In the Minor Arcana, the Ten of Swords has two contradictory meanings. One is the final end – there is absolutely nothing beyond this point. The other meaning is to go through the end – seeing what is left after total annihilation, and moving beyond the end to a new beginning.
The Ten of Swords, as D.J. Conway presents it, differs slightly from the traditional R-W meaning. She writes, “The woman and her dragon companion have fought a good fight against the negative events of life, but are temporarily defeated despite their courage and skills.” The author continues, “Then the woman warrior and the dragon will draw upon deep reserves of energy from the four Elements and rise up to continue their spiritual energy.”
Conway’s version of the Ten of Swords reflects a transition rather than finality. The woman and dragon are severely wounded but not dead. Instead of an end, there is only a long period of struggle. This card reminds me of the saying, “I am hurt but not slain. Let me lay down and bleed awhile, and then I will rise and fight again.” (Originally from “The Child Ballads: 167A: Andrew Bartin”)
Without reading the author’s description, I would not have guessed that the distant rocks were for healing. Faint in the background, these stones only seem to be a part of the harshness of the Ten of Swords. The only indicator of hope for me is the yellow amongst the grey sky. (I wonder if this is a sunrise.)
My view of the Ten of Swords of the “Celtic Dragon Tarot” is one of waiting and constriction. The light green and grey tones indicate eventual healing but not the finality of death. At the moment all is dark and difficult, but there is hope and help in the future.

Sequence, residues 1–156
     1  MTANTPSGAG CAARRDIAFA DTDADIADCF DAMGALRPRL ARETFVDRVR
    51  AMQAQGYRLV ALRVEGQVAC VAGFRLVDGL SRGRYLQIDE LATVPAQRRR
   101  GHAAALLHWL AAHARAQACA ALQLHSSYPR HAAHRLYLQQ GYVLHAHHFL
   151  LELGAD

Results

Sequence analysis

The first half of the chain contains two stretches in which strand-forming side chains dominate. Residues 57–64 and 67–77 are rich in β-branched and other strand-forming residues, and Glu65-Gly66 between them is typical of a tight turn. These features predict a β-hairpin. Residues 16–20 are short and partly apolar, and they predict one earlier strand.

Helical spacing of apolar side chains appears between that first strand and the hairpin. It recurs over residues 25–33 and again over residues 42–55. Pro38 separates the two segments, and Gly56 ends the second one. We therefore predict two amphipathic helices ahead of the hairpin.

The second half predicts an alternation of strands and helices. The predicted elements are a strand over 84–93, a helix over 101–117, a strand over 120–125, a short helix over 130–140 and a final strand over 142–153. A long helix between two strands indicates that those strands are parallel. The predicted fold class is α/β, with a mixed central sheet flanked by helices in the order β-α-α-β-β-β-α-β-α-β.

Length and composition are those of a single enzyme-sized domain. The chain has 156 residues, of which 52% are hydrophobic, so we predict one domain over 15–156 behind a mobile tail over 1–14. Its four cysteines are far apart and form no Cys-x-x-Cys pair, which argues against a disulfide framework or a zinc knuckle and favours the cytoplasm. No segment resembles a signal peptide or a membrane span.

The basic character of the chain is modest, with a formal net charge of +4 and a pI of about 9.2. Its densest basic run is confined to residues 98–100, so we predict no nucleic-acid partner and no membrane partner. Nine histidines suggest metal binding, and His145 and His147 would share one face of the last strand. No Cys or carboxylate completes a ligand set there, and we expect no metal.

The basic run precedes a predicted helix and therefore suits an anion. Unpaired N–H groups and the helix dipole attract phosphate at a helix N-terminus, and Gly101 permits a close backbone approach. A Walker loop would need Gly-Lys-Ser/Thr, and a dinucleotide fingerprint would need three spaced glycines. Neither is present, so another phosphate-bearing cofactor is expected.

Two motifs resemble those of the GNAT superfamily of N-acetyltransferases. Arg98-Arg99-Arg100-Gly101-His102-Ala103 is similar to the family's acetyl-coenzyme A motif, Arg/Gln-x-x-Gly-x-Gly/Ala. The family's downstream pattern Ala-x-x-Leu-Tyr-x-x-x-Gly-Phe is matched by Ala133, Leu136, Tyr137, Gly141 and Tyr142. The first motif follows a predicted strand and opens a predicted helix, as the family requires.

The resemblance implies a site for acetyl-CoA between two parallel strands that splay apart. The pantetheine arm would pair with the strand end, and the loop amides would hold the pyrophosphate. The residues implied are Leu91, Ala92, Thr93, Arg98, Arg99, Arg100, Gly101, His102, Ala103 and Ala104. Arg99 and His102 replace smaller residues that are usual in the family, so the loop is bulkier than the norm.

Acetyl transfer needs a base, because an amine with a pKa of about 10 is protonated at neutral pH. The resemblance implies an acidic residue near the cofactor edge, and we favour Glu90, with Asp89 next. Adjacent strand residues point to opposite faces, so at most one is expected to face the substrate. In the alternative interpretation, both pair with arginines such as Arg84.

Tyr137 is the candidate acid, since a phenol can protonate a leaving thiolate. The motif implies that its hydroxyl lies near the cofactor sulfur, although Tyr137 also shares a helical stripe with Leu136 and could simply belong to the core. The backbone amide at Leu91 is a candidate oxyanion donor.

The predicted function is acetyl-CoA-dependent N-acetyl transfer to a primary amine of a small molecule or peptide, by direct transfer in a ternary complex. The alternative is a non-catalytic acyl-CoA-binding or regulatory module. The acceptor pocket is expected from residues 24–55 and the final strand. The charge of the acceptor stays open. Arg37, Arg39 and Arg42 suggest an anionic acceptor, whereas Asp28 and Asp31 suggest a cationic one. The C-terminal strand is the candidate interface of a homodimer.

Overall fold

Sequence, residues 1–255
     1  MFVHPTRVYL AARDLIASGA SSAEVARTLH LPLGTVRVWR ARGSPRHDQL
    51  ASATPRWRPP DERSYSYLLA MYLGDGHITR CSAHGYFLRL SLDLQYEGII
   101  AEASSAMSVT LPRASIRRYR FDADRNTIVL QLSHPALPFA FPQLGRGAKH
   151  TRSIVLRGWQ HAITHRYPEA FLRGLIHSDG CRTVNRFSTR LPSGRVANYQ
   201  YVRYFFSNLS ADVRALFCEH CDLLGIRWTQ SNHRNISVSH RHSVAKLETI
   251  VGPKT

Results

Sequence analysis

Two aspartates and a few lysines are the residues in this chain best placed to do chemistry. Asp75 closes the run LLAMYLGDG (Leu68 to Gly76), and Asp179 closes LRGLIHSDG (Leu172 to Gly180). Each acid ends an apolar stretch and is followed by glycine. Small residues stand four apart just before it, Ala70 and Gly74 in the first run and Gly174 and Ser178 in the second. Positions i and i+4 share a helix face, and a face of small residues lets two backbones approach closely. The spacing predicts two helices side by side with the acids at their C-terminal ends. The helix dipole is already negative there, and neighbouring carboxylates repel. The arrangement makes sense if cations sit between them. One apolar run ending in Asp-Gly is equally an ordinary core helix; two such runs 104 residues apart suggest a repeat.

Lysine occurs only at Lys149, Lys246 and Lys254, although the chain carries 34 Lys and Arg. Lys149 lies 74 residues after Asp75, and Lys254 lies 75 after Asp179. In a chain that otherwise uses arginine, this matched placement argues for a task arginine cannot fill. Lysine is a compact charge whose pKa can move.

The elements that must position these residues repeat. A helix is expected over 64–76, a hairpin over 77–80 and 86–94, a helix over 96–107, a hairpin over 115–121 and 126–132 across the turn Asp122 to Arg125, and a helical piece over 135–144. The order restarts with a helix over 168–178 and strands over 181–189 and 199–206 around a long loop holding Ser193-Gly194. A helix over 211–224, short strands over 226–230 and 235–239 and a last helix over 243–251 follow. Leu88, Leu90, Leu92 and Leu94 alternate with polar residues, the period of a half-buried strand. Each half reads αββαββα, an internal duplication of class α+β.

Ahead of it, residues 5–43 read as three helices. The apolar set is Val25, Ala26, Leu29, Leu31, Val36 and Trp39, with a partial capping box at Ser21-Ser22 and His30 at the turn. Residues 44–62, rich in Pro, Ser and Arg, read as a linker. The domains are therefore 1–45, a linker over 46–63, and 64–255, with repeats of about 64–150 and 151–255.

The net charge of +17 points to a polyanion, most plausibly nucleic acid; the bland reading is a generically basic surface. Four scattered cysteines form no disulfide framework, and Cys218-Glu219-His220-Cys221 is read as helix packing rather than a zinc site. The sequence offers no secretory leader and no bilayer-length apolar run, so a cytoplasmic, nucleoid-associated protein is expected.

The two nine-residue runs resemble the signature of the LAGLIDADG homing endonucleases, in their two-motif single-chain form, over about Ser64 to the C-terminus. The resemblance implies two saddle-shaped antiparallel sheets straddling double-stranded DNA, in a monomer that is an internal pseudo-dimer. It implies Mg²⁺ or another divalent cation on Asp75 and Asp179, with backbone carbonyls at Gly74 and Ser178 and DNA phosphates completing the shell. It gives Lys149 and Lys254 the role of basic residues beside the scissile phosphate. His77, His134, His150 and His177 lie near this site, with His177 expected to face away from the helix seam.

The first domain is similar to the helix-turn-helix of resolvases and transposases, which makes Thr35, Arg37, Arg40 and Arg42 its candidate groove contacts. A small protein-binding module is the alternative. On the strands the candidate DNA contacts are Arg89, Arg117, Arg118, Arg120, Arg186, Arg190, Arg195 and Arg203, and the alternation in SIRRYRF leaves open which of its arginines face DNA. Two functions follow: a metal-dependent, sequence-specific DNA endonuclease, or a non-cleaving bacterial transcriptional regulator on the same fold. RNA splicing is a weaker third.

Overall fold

In the “Celtic Dragon Tarot”, both The Fool (0) and the Ten of Swords seem to be about hope and new cycles. Full of hope, the Fool stands at the crossroads of his spiritual journey. Anticipation and promise exude from this card, while hidden dangers lurk waiting for the Fool to commit a misstep.
Meanwhile, the Ten of Swords is the mature Fool with her dragon companions. In their travels, they were set upon by their enemies. They fought valiantly, but are sorely wounded. Hope lurks in the stones waiting for the two to seek their healing. Afterwards, they will rise as like Wounded Warriors to continue their journey, full of renewed wisdom and strength.
Bartlett, Sarah, “The Tarot Bible”, Sterling: New York, 2006.
Child, Francis, “The Child Ballads: 167A: Andrew Bartin”, Sacred Texts, 2011, http://www.sacred-texts.com/neu/eng/child/ch167.htm,
Conway, D.J. and Lisa Hunt, “The Celtic Dragon Tarot”, Llewellyn: St. Paul (MN), 2005.
Drury, Neville, “The Tarot Workbook”, Thunder Bay: San Diego, 2004.
Hart, Francene, “Sacred Geometry Oracle Deck”, Bear & Co.: Rochester (VT), 2001.